Most developers understand SSL/TLS — namely, a protocol that enables a client and a server to securely exchange data. However, once you bring up Certificate Authorities, Intermediate CAs, Certificate Chains, Self-Signed Certificate errors and CSR, among others, that understanding often fades away.
If you work for a startup or a small project, chances are you will be doing tasks that are meant for your role and tasks that aren’t. It is very common for companies not to have dedicated DevOps engineers, at which point they might turn to Tech Leads or Solution Architects to set up their infrastructure. If you are the person that they can continually turn to in order to fix these issues, you have a much better chance of climbing the ladder and improving your position.
Below we will attempt to give you a fuller understanding of TLS and Certificates with the least amount of effort possible.
What Needs to Be Solved
In order to communicate securely with another host, you need to solve two major problems:
- Encryption: You need to be sure that when you send information, even if everybody can see it, only the right eyes can understand it.
- Authentication: You need to be sure you’re talking to the right person. After all, what is the point of encrypting communication between you and an attacker?
For encryption, you will want to start your communication using Asymmetric Encryption. There’s an abundance of material pertaining to this topic so I won’t delve into it. Suffice it to say, in very rough terms, that you have two keys. What one encrypts, the other one decrypts, and vice versa. So that the goal is to keep one of them private and distribute the other. That way, anybody who wants to communicate with you can encrypt data using your public key and only you can decrypt it using its associated private key.
We could go deeper into this explanation, since depending on the protocol, those keys do not necessarily need to have the same length. Therefore, which key is public and which one is private actually matters. But this is tangential to this blog post.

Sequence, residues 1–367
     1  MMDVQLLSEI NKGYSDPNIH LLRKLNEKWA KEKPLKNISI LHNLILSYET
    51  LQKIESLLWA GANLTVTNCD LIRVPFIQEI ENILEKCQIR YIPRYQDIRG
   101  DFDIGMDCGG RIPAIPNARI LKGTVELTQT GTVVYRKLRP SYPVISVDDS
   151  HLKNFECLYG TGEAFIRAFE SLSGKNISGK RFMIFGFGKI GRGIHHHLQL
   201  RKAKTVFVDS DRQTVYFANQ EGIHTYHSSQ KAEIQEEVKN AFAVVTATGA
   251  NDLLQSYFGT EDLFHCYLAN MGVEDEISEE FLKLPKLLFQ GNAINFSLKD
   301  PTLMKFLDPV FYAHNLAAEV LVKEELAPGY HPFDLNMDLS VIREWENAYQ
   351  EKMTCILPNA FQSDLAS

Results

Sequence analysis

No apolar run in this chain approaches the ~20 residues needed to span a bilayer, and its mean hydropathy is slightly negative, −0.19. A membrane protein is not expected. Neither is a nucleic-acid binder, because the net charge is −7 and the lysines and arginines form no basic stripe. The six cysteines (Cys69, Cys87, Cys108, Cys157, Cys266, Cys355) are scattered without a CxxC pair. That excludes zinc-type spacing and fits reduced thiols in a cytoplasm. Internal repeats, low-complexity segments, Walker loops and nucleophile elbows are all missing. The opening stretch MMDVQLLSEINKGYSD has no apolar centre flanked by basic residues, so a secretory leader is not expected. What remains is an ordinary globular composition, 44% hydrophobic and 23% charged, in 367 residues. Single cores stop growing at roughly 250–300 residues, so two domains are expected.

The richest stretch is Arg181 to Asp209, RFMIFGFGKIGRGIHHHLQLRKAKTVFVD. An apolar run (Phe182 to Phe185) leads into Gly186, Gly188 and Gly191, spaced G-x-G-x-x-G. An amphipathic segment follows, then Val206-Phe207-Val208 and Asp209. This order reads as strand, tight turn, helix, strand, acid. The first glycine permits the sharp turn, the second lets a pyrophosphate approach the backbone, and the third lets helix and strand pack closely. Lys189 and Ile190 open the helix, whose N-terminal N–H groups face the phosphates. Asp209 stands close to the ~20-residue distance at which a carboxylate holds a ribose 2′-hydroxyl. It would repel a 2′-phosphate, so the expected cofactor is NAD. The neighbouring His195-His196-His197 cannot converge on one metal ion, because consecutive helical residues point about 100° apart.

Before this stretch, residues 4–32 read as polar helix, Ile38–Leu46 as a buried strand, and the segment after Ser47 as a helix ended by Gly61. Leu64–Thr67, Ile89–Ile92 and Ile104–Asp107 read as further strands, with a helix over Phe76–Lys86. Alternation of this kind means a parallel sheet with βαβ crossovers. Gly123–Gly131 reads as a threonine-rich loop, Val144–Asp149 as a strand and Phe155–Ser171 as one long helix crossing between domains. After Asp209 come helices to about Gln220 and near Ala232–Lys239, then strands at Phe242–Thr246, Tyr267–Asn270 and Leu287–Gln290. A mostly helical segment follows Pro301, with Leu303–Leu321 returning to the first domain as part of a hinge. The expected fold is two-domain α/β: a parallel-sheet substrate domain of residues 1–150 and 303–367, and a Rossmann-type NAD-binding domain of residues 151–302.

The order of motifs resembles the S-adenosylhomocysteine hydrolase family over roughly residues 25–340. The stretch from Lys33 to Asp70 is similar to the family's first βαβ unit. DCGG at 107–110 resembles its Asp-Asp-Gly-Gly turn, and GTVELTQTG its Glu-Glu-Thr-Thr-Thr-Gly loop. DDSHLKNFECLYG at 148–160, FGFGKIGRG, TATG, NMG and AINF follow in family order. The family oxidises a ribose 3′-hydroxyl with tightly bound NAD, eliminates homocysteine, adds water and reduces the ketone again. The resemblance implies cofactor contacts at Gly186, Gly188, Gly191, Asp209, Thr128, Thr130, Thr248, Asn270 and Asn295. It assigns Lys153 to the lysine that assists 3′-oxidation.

A few months ago I decided to move to a bigger place. The landlord is a very close family friend and he agreed to give me a good price for rent. He’s actually a friend of my father and merely an acquaintance of mine.
As he was moving out to a new house, the housekeeper they had hired had to be let go. So he mentioned that if I were interested in hiring her, she was very trustworthy and responsible. I agreed to hire her and she now works for our family.
Think about what happened here for a moment. A woman I don’t know now enters my house three times a week. Why? Because I trust her. But why do I trust her? Because I trust the landlord (well, not really the landlord — but I trust my dad and he told me the landlord is trustworthy). So you can begin to see a chain of trust forming here. I trust my father, my father trusts the landlord, the landlord trusts the housekeeper. Therefore, I trust the housekeeper.
This is precisely what happens with TLS. Let’s map the people in my story to the proper terminology. My dad is a Root Certificate Authority (Root CA). He doesn’t need to appeal to somebody else for my trust. I trust him a priori. This happens in your server too. Often your web browsers or Operating Systems will come preinstalled with a set of Root CAs, and will trust whatever those CAs (Certificate Authority) trust. For instance, if you have an apple device, here’s the list of trusted certificates pre-installed on your device.